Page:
Apparently, going the cheap way and choosing to stay in Barcelona wasn’t a bright decision after all. Sure, it’s only half an hour between Sitges and Barcelona, but if you add the waiting times, it adds up to two hours per day, which is too much when you don’t even know what to choose between the too many movies and events. Plus, after midnight, when the important movies end, everyone retires to different bars and cafes, or to the midnight screenings. Not me, I have to run and catch the last bus to town. This also made me miss two events I had planned for this morning: the Building Metropia masterclass, as well as the Vicenzo Natali press conference.

I got to Sitges right at noon, in time to catch a movie called Timer. A movie branded as a SF romantic comedy, but in which the SF part is just the premise: a device called Timer (duh), which can predict exactly how many days are left until someone will meet their soul mate. That’s it. The rest is a simple, but likeable romantic comedy, with above average characters and pretty interesting situations, including the necessary clichés. Still, a pleasant watch.

Next came a film I had high hopes for: Valhalla Rising. The new movie from acclaimed director ……… is an ultra-violent affair set in the 12th century, that follows a group of Vikings in search of Jerusalem. …….. uses simple, but effective shots – nothing spectacular, but surprisingly real, especially when it comes to the brutal fights and murders. Some of the violent scenes actually ignited waves of ovations from the crowd (yes, the audience here at Sitges applauds not only at the end of the film – but also during the beginning credits, and, to my surprise, after the most shockingly violent moments of a movie). The characters rarely talk – but it would’ve probably been better not to talk at all – the dialogues are horrendous and horrendously slow. Actually that was one of the few things I did not like about this film – it’s very tedious to have to wait for 20 seconds after every 3 or 4 words until characters utter the next silly words. Other than that, a good and solid effort.

Then came the best movie of the day. The Hurt Locker is a highly acclaimed war drama from Kathryn Bigelow, that depicts the last 2 months in Iraq for an American bomb squad. Extremely compelling and well built characters jump from one tensed scene to another, in this tour de force that reinvents war movies – just when you thought no new subject could be invented. The film is a real masterpiece, from the superbly recreated Iraqi locations, to the acting and to the writing. It’s one of those rare movies in which most scenes aim for perfection, and you practically wish they can go on and on, hoping they will not end. I haven’t had this feeling since the Coen’s No Country for Old Men. American critics are raving about this film, I wouldn’t be surprised if the Oscars will also bow to its brilliance.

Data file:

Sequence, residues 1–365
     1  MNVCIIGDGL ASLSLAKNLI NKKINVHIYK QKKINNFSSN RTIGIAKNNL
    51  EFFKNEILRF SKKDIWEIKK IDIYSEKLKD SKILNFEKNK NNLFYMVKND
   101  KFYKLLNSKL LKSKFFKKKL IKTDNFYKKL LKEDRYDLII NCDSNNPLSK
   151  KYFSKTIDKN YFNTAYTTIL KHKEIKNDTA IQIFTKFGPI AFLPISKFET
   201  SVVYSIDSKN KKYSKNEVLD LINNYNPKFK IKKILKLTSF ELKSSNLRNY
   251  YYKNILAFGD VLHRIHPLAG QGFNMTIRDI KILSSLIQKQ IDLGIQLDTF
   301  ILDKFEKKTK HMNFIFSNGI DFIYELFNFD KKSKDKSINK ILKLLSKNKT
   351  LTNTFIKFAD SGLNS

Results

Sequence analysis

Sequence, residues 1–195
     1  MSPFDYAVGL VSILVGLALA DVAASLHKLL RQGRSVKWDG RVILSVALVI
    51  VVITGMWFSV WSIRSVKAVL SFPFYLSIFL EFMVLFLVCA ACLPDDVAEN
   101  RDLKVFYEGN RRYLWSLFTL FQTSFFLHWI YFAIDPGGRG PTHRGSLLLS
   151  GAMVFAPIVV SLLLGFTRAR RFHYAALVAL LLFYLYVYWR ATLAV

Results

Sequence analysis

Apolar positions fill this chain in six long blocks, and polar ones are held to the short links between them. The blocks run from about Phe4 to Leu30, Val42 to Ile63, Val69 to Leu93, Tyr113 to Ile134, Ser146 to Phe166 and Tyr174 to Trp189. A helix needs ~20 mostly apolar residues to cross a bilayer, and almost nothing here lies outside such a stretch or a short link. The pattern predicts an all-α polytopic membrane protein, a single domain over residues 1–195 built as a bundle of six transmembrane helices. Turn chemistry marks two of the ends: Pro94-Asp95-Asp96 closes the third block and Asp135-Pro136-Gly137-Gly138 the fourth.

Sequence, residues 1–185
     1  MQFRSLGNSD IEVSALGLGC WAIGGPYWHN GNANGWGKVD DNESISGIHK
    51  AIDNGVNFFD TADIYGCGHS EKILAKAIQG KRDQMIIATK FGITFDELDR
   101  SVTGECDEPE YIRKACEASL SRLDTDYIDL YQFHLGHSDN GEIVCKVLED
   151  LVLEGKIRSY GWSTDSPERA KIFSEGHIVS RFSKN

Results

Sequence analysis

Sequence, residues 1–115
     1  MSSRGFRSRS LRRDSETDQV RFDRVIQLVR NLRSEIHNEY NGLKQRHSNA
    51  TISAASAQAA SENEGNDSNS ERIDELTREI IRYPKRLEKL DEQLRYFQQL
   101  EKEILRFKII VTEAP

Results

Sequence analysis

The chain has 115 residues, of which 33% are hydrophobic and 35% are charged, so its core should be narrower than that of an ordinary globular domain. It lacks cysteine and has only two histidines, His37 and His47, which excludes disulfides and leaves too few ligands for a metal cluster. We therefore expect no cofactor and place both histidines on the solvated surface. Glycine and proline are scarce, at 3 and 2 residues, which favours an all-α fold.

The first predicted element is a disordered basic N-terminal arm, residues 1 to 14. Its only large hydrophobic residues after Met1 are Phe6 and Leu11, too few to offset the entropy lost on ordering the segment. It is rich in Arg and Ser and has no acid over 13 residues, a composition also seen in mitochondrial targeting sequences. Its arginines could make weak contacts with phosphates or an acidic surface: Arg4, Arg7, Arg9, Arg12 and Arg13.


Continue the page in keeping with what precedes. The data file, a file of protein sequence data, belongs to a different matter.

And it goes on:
The day ended with a horror movie (FINALLY!), Splice, from Vincenzo Natali. A couple of scientists (Adrien Brody and Sarah Polley) genetically create a monster that also contains human DNA. Named Dren, the female monster grows like a child, becoming more and more human. Things, obviously, become a lot more complicated, but the story is good and solid until the end, and it manages to avoid falling into predictability. Actually, for the most part, it isn’t even a horror, but a character drama that analyses its two flawed main protagonists, the relationship between them, and also the creature. It’s not one of those films in which the creature is only something to run away from, and that gives a brand new depth to the story, a story that strolls along nicely, despite a few missed notes, until a very satisfying and also intense climax.

In this report: Timer 7/10, Valhalla Rising 6/10, The Hurt Locker 10/10, Splice 8/10.

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Sitges 2009: First day photos

October 7, 2009 at 9:52 am (Festivals, Sitges)

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Auditorium entrance

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Posters in Sitges

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Jaco Van Dormael, director of Mr. Nobody

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Sergi Lopez, actor

mic02 Frost_Aitana_Sánchez_Gijón

Aitana Sanchez Gijon, actress

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Sitges 2009: Great first day

October 6, 2009 at 10:45 am (Festivals, Movies, Reviews, Sitges)

My first day here in Sitges, fifth of the festival, and what a day. My first impressions of Sitges are amazing. A truly big, famous, perfectly organized festival, great movies, friendly people, plenty of events all around. I’ve seen 5 movies so far – all of them at the Auditorium, one of the 4 screening locations here in Sitges, a huge theater that is almost full even during daytime screenings. The quality of the screening itself is unreal –  most movies look as if the copies are digital – but no, they’re 35 mm. It’s such a huge difference from the mess in pretty much every Romanian theater.